Public and Private Wi-Fi
When you’re sitting at home, browsing the internet and relaxing, the last thing that you want to do is think of someone else sneaking onto your connection. What you may not know, is that when strangers connect to your home Wi-Fi, it automatically becomes easier for them to get their hands on possibly damaging information. Wi-Fi intruders have the capability of viewing files that get stored locally, they can look through your browsing history, and if they’re experienced enough, they can even access any stored password that you have through a remote connection. Ensure that you’re protecting yourself with a difficult password, and by not giving it out. If needed, get yourself a second Wi-Fi that is created solely for your guests.
On the other hand, public networks can be just as dangerous. No one likes to use the data on their phones, and most people like to connect to the Wi-Fi on their laptops when they’re at a coffee shop, or elsewhere, but that’s not always a good idea. Public Wi-Fi connections are shared with many people, and not all of them are going to have good intentions. When you connect to this network, you have to put in some type of personal information and it’s not impossible that some people are going to have the skillset required to access what you’re doing on the public network. Ensure that your information is protected at all times.
Scan for Malware
Malware (ransomware, viruses, adware, etc.) is one of the most common forms of internet intrusions that can be found, and it’s also one of the most dangerous. Some start off on the smaller scale, such as Adware. The infection gets used as a way to track your web browsing, ultimately promoting ads that match your searches. While it may not seem malicious, it is.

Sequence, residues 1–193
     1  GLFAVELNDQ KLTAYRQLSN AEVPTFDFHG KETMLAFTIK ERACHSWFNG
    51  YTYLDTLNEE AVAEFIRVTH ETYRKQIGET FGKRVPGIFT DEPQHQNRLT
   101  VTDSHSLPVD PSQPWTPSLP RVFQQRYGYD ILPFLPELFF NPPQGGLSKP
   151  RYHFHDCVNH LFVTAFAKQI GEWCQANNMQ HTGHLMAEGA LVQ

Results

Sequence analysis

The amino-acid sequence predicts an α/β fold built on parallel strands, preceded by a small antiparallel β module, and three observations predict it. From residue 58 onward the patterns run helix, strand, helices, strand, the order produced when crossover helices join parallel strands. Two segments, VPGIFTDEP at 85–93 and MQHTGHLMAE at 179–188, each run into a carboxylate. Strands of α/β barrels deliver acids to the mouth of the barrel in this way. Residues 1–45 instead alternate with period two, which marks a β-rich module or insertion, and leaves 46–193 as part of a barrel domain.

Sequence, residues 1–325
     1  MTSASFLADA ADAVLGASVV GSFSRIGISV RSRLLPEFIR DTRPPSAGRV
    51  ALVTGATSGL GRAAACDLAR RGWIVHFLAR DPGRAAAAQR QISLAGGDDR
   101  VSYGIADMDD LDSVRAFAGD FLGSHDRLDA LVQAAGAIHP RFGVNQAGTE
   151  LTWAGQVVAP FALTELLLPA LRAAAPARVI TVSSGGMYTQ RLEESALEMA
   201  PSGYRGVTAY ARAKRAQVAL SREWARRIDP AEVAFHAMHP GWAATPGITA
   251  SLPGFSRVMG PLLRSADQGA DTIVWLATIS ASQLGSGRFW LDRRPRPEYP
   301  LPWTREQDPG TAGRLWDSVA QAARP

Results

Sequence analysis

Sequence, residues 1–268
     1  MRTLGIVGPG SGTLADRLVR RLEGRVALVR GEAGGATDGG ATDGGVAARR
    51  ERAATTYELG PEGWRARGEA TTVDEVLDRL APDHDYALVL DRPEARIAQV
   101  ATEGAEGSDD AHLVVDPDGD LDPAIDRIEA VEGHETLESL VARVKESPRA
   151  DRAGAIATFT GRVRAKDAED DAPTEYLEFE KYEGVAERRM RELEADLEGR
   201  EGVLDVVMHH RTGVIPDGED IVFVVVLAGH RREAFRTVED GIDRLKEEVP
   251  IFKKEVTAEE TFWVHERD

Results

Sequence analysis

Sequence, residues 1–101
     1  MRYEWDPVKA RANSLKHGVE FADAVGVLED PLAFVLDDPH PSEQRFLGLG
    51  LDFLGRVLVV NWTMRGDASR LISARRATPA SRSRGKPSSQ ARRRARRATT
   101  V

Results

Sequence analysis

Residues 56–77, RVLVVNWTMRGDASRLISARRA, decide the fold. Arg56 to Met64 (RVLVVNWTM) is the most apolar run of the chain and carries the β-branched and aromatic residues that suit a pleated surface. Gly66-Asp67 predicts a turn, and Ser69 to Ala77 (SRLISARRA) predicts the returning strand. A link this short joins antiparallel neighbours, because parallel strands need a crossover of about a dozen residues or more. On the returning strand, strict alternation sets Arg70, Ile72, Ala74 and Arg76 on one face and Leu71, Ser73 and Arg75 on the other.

On the other side of it, you have viruses which could cause your computer to crash by deleting pertinent folders, and files. It’s nearly impossible to cover every type of infection that can come from browsing the web because there are so many, but they are dangerous and are designed to destroy and obtain information that you don’t want to get out. What’s even more unnerving, is that these viruses and malware can travel from your computer and to your phone when you plug it in to sync or charge. There are many tools at your disposal for keeping your computer, and your cell phone free of harmful computer-ware that has no place being there. To ensure that your bases get covered, start with an anti-virus software that recognizes both viruses and malware. If you feel like it’s needed, consult with an information technology professional who can help you further.
No matter how familiar you think you are with computers, cell phones, and the internet, you’re always at potential risk. By ensuring that you take the measures needed to keep yourself safe, and making sure that you understand the most vulnerable areas of your device, you can keep you and your family’s information private. Allow yourself the freedom of doing what you want online, but remember that technology is becoming more advanced each day. If you aren’t focusing on the possible holes in your set-up, and in your passwords, you could end up having your personal information leaked to phishers, or other people you don’t want to have it.
What tips would you recommend for browsing the internet safely? Have you ever had an experience where your personal information got leaked? Leave a comment below.